Thursday, 26 September 2013

Finally, our autumn and winter preparations are coming together...

Our long awaited and slightly overdue load of logs arrived, 2 cubic metres of hardwood, for £150. For us, that is a good deal as it varies anywhere up to £225 for the same amount. This had no delivery charge so that also helps.

Last year, the bulk of the delivery was of logs cut almost perfectly to fit our small stove. This time, only around a quarter of it was the correct size. DB says he will have to spend many Saturdays (don't know why he has chosen that particular day), cutting them in half or splitting the thicker ones down the middle.

Anyway, 1 hour and 10 minutes after delivery, I had wheel-barrowed them around to him, he had stored them and we had cleared up. We then moved my mini greenhouse away from the window (from which it receives drips during rain and makes a noise) and filled it with kindling.

Hopefully, we have enough newspapers, kindling, pine cones, scrap wood, logs and oil to take us through to next summer. Other than the rain, the weather for the next few days, is not set to be too cold (getting slightly cooler), so we shouldn't need to organise any heating or fires yet.

Our first port of call when cold is more clothing. Then we put on hand warmers. After that, we microwave bean bags. If using all three and we are still cold, the heating might get a half hour blast to take the edge off things. Once the weather turns nasty, the wood burner will be lit mid to late afternoon and we shall stay in the front room where it lives. Cooking the tea takes the edge off the cold in the kitchen and dining room.

Bathing can be a little dicey in the run up to and throughout winter, but generally, we find keeping the door shut whilst the bath is filling (on a timer), fills the room with steam, which keeps us just about warm enough. Once we have finished, the window is opened to vent the room but the door is kept shut. We dive into the front room and dress in the warmth. It's like going back to the 40's and 50's before homes had central heating and all activities took place in the front room - the only place to have had a fire.We have just finished our first year of metered water and used around 62 cubic metres - a huge amount less than before - more saving.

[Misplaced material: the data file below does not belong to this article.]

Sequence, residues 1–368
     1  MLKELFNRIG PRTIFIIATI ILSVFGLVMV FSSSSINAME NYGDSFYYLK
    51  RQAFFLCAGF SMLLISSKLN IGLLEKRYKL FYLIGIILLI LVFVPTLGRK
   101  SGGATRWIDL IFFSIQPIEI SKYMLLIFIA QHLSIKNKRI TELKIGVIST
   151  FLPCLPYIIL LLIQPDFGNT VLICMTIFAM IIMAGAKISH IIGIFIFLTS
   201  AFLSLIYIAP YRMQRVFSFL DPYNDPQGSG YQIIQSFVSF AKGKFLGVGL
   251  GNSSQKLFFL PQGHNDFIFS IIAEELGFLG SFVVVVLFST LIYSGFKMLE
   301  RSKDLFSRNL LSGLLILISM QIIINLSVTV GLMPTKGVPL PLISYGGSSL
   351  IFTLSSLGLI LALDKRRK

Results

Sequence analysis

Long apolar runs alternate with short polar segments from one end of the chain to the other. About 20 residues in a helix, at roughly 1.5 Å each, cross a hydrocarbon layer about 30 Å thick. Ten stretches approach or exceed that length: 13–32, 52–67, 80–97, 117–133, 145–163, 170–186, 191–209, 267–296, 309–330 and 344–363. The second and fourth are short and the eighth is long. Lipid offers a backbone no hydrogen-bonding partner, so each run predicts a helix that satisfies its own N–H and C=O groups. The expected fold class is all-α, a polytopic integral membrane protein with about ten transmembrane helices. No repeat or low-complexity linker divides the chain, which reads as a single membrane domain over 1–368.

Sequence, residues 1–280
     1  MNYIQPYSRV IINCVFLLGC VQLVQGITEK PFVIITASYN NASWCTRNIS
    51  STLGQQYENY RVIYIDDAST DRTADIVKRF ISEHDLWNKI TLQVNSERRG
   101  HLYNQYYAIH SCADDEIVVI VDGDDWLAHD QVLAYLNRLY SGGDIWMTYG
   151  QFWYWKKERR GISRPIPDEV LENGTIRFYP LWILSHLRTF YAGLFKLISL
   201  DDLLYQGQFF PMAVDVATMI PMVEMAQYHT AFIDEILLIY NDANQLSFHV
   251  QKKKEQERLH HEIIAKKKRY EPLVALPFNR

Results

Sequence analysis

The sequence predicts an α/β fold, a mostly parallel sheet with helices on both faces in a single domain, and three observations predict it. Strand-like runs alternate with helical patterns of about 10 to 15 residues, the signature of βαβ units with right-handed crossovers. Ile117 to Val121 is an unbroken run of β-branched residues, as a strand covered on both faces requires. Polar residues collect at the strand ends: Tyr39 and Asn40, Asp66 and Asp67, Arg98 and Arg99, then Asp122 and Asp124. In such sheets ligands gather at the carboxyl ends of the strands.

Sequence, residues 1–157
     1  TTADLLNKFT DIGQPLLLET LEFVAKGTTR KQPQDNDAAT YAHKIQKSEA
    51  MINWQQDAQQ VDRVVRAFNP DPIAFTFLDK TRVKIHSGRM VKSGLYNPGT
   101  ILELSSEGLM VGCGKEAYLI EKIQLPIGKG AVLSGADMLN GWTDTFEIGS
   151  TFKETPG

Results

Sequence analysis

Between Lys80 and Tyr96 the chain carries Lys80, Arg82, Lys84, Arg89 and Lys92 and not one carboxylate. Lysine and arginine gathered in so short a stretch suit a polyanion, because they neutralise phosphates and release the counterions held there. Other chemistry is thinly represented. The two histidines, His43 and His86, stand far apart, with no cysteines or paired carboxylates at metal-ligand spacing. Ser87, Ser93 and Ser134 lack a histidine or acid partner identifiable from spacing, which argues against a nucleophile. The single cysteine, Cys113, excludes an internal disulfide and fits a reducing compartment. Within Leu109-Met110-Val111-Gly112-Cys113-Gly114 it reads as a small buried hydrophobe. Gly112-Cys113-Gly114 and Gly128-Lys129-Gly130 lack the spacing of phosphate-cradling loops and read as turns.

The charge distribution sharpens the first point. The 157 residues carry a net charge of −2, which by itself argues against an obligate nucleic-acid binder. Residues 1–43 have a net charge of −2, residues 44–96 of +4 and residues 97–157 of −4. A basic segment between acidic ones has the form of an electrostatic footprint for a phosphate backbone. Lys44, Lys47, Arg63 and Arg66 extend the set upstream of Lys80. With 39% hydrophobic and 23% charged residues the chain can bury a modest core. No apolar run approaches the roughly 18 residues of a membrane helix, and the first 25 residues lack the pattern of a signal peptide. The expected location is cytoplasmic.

Heating and hot water in winter, is usually on for 45 minutes before 7:30am (when our cheap electricity switches off) and doesn't get used again unless it is very cold. Then it will be on for maybe 15-20 minutes to take away the chill, and so it goes all through the cold weather. Doing this for the first time last year, meant our oil lasted 13 months rather than the normal 6, when the heating used to be on and off all day. That is a huge saving in costs as oil is very expensive and we don't have gas in the village.


Using the heating and hot water less, uses less electricity. Lights are only on in the room we are in and generally our annual bill is around the £330 mark.

Obviously when we have guests, the heating is on for longer but not all day. We like to put it on for them late evening so the bedrooms are warm for undressing. When no guests are around, we undress in the front room then put our clothes on the bedroom radiators, where they are toasty warm come morning.  Luckily for us, the few guests we have are like minded which helps no end.


10 comments:

  1. I do admire your frugal living DC. It puts me to shame. However John now works a three day week so finances have been cut. So I shall be taking a leaf out of your book. Not sure about the heating though. I'm a very chilly person at the best of times, but if needs must.....
    Thanks for your advice about Bloglovin. I already have a gmail account and tried what you said but no luck. I went into Bloglovin's settings and ticked the box to be notified by email of any new followers, so only time will tell.
    Patricia x